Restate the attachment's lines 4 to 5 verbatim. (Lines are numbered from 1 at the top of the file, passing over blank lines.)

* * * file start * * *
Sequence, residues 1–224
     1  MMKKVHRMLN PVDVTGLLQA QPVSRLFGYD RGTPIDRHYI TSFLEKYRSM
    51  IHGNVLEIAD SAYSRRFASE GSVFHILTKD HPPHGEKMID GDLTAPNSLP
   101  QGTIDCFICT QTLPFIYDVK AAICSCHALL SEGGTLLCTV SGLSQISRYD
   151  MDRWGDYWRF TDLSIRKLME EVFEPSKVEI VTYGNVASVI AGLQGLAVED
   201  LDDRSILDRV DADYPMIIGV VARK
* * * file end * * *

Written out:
   101  QGTIDCFICT QTLPFIYDVK AAICSCHALL SEGGTLLCTV SGLSQISRYD
   151  MDRWGDYWRF TDLSIRKLME EVFEPSKVEI VTYGNVASVI AGLQGLAVED